The symbolism of purgation is not rooted in Christianity but is widespread throughout all religious history. It is bound up in the distance of holiness between gods and men and in the human desire to approach the gods. The perfection of the gods requires that the human affect some measure of holiness themselves in order to stand in the god’s presence. The holiness is gained by a purifying ritual that takes many forms. As it was adopted in Catholic theology, this purifying process included a measure of punishment for the sinner according to their faults in their earthly life. The punishment is sped along by the mortal intercession of the Church and the sinner’s survivors. Catholics understand human nature as not perfect but not perfectly horrible either. Purgatory grants them an extension on their ability to be perfected for the next phase of eternal life.

What do the scriptures say about Purgatory? Very little if anything at all but we need to understand the Roman Catholic approach to the scriptures and theology in order to understand the formulation of the doctrine. In the Apocryphal book, 2 Maccabees contains a passage that supported the historical development of the doctrine. In the context of the text, some of the soldiers of Judas Maccabeus were wearing idolatrous amulets when they were killed in battle. Judas took up a collection as an expiatory sacrifice intended to release the dead from their sin.

They all therefore praised the ways of the Lord, the just judge who brings to light the things that are hidden.

Turning to supplication, they prayed that the sinful deed might be fully blotted out. The noble Judas warned the soldiers to keep themselves free from sin, for they had seen with their own eyes what had happened because of the sin of those who had fallen. He then took up a collection among all his soldiers, amounting to two thousand silver drachmas, which he sent to Jerusalem to provide for an expiatory sacrifice. In doing this he acted in a very excellent and noble way, inasmuch as he had the resurrection of the dead in view; for if he were not expecting the fallen to rise again, it would have been useless and foolish to pray for them in death. But if he did this with a view to the splendid reward that awaits those who had gone to rest in godliness, it was a holy and pious thought. Thus he made atonement for the dead that they might be freed from this sin. (2 Maccabees 12:41-46)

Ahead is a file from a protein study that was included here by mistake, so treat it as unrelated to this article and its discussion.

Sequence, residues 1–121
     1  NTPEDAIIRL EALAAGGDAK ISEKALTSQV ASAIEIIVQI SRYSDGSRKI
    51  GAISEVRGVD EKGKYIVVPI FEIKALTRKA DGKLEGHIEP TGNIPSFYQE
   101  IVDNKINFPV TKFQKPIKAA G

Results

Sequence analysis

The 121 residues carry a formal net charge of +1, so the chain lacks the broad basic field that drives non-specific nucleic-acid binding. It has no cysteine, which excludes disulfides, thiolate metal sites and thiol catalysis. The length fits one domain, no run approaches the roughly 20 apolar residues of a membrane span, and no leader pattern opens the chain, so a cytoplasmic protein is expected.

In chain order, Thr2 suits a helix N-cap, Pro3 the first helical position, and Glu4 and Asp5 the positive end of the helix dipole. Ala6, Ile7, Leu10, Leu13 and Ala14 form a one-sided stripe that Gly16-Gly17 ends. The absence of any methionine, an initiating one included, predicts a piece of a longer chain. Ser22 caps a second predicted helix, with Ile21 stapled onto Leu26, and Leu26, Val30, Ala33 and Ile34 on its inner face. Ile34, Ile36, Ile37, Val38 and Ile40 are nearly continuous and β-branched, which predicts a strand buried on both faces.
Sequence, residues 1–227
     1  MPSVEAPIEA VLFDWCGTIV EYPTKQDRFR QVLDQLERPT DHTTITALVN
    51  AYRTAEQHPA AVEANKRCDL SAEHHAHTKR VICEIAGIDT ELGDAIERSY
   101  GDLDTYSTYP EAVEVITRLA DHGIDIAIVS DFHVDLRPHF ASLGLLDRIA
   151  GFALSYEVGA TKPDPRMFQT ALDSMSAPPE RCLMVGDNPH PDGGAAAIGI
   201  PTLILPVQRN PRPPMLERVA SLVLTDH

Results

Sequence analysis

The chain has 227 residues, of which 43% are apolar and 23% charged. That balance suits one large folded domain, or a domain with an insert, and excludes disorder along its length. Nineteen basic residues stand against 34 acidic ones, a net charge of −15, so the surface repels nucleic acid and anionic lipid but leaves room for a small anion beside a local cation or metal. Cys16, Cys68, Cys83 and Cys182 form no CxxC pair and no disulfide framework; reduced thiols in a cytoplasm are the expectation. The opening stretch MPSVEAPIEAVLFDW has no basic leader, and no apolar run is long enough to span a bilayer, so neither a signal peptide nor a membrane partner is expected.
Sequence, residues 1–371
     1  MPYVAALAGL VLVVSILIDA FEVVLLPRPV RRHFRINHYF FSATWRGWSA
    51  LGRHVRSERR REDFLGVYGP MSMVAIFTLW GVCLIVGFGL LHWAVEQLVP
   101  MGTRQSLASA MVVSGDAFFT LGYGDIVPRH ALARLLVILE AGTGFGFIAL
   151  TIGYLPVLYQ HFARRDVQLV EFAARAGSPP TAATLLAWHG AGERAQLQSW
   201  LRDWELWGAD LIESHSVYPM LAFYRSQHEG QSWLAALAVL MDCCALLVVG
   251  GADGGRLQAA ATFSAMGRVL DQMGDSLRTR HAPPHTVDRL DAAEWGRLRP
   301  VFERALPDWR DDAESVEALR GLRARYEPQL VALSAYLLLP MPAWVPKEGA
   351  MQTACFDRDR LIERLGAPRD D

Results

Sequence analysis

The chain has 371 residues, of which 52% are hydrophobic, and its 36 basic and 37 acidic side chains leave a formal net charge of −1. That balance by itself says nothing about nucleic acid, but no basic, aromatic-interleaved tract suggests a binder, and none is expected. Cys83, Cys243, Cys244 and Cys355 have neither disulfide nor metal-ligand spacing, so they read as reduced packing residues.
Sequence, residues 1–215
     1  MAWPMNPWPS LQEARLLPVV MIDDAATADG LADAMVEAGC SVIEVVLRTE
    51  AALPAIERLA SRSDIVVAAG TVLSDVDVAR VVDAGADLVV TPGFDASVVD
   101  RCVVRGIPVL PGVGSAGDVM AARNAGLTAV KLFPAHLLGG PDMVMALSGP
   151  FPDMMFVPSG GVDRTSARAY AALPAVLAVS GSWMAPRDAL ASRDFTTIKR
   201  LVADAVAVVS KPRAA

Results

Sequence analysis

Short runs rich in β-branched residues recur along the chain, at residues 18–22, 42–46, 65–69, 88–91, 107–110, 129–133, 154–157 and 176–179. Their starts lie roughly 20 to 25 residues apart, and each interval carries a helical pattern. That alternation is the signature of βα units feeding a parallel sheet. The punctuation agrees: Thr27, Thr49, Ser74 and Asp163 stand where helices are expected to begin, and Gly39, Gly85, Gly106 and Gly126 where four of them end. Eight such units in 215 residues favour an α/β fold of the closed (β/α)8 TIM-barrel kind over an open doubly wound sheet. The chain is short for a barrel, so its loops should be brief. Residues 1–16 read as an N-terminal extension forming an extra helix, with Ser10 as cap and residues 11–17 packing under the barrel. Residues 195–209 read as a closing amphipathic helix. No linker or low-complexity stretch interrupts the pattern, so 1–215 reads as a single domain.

In the New Testament, some will read in Matthew a similar reference:

And so I tell you, every sin and blasphemy will be forgiven men, but the blasphemy against the Spirit will not be forgiven. Anyone who speaks a word against the Son of Man will be forgiven, but anyone who speaks against the Holy Spirit will not be forgiven, either in in this age or in the age to come. (Mt 12:31-32)

The Catholic reading of this passage points to the possibility of being forgiven in the next world. Protestant theologians (cf Eph 1:21) do not generally share this reading. Catholic theologians will admit that the scripture is ambiguous at best and will also readily state that the doctrine is rooted in tradition rather than sola scriptura. Tradition will cause the Catholic reader to understand these and other passages in the light of the Roman Catholic theology of grace and works.


For the Roman Catholic, purgatory is a final opportunity in death to find our love for God. It is a state of His continuing grace and mercy to continue to seek a way in which the human might be restored to holiness and finally to God’s presence. Mortal intercession can aid those who find themselves suffering in a purification process until the day of judgment when Heaven or Hell will be the only choices remaining.


Image Mike_fj40